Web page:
London June 22 2023: The Bank of England’s Monetary Policy Committee increase the Bank Rate by 50 basis points to 5% in a surprise move to tackle inflation.
The Bank of England’s Monetary Policy Committee (MPC) sets monetary policy to meet the 2% inflation target, and in a way that helps to sustain growth and employment. At its meeting ending on 21 June 2023, the MPC voted by a majority of 7–2 to increase Bank Rate by 0.5 percentage points, to 5%. Two members preferred to maintain Bank Rate at 4.5%.
At the time of the previous MPC meeting and May Monetary Policy Report, the market-implied path for Bank Rate averaged just over 4% over the next three years. Since then, gilt yields have risen materially, particularly at shorter maturities, now suggesting a path for Bank Rate that averages around 5½%. Mortgage rates have also risen notably. The sterling effective exchange rate has appreciated further.
The Committee is continuing to monitor closely the impact of the significant increases in Bank Rate so far. As set out in the May Report, the greater share of fixed-rate mortgages means that the full impact of the increase in Bank Rate to date will not be felt for some time.
Business surveys continue to suggest underlying quarterly GDP growth of around ¼% during the middle of this year. Indicators of household spending have tended to strengthen a little. LFS employment increased by 0.8% in the three months to April, higher than expected at the time of the May Report. The counterpart to this strong employment growth has been a further fall in the inactivity rate. The unemployment rate has been flat at 3.8%, in line with the May Report. The vacancies-to-unemployment ratio has fallen further but remains significantly elevated.
Annual growth in private sector regular Average Weekly Earnings (AWE) increased to 7.6% in the three months to April, 0.5 percentage points above the expectation at the time of the May Report. Three-month on three-month growth in this measure of pay has also picked up. Indications of future pay growth from the KPMG/REC survey and the Bank’s Agents suggest that AWE growth will ease over the rest of this year, however.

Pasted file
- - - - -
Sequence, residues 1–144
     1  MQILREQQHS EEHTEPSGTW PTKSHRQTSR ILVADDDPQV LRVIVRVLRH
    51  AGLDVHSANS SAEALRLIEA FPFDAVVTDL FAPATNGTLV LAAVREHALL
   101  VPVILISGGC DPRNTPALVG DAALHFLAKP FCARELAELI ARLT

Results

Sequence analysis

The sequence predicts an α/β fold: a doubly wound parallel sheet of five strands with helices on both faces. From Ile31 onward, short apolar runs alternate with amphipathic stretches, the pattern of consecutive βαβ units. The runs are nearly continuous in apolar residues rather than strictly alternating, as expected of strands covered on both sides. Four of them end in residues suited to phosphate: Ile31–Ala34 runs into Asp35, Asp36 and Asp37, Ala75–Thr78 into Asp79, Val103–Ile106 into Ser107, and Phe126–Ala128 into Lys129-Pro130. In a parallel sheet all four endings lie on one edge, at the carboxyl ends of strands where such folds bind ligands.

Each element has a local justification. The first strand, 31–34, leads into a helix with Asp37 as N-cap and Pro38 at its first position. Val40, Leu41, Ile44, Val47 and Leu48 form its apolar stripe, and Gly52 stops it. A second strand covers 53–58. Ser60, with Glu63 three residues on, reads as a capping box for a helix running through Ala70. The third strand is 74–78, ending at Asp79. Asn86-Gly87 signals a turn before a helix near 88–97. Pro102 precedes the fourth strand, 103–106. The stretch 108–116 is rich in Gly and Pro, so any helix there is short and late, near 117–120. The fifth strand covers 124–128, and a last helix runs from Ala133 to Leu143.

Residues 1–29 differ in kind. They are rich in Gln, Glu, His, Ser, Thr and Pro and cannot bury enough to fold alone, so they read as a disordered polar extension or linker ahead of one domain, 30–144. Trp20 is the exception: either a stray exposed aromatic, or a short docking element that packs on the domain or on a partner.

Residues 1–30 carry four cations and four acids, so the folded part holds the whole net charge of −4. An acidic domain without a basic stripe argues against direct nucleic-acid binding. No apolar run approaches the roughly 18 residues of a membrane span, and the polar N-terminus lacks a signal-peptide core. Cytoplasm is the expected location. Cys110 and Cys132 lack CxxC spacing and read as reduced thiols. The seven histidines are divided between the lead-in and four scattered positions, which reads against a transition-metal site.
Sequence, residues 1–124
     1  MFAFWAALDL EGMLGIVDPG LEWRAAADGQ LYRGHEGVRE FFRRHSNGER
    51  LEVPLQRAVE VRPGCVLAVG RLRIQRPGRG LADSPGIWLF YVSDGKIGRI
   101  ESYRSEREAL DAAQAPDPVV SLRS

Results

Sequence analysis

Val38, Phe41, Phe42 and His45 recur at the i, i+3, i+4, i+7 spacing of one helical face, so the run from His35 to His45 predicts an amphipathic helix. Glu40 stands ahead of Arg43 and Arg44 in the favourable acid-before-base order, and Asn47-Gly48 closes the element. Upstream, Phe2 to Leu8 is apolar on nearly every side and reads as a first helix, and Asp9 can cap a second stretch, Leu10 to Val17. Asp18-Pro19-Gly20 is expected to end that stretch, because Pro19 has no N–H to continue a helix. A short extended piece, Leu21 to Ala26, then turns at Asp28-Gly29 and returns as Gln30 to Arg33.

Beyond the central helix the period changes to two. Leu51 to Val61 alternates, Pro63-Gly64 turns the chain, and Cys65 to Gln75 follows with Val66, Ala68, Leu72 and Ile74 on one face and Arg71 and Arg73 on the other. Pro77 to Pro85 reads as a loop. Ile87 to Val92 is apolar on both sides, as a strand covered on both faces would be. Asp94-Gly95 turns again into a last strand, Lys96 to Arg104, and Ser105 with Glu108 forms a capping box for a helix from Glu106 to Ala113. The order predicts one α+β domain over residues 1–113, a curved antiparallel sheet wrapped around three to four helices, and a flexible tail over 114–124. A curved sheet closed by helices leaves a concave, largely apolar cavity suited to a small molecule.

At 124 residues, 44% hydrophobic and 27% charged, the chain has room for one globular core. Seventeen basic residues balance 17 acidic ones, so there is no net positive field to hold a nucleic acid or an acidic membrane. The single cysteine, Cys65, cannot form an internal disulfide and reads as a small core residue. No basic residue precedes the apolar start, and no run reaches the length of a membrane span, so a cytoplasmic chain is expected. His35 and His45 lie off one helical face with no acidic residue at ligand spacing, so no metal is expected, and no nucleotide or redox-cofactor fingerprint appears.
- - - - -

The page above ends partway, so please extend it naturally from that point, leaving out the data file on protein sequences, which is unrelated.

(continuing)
Twelve-month CPI inflation fell from 10.1% in March to 8.7% in April and remained at that rate in May. This is 0.3 percentage points higher than expected in the May Report. Services CPI inflation rose to 7.4% in May, 0.5 percentage points stronger than expected at the time of the May Report, while core goods price inflation has also been much stronger than projected. In general, news in the latter component is less likely to imply persistent inflationary pressures.
CPI inflation is expected to fall significantly further during the course of the year, in the main reflecting developments in energy prices. Services CPI inflation is projected to remain broadly unchanged in the near term. Core goods CPI inflation is expected to decline later this year, supported by developments in cost and price indicators earlier in the supply chain. In particular, annual producer output price inflation has fallen very sharply in recent months. Food price inflation is projected to fall further in coming months.
The MPC’s remit is clear that the inflation target applies at all times, reflecting the primacy of price stability in the UK monetary policy framework. The framework recognises that there will be occasions when inflation will depart from the target as a result of shocks and disturbances. Monetary policy will ensure that CPI inflation returns to the 2% target sustainably in the medium term.
The MPC recognises that the second-round effects in domestic price and wage developments generated by external cost shocks are likely to take longer to unwind than they did to emerge. There has been significant upside news in recent data that indicates more persistence in the inflation process, against the background of a tight labour market and continued resilience in demand. At this meeting, the Committee voted to increase Bank Rate by 0.5 percentage points, to 5%.
The MPC will continue to monitor closely indications of persistent inflationary pressures in the economy as a whole, including the tightness of labour market conditions and the behaviour of wage growth and services price inflation. If there were to be evidence of more persistent pressures, then further tightening in monetary policy would be required.
The MPC will adjust Bank Rate as necessary to return inflation to the 2% target sustainably in the medium term, in line with its remit.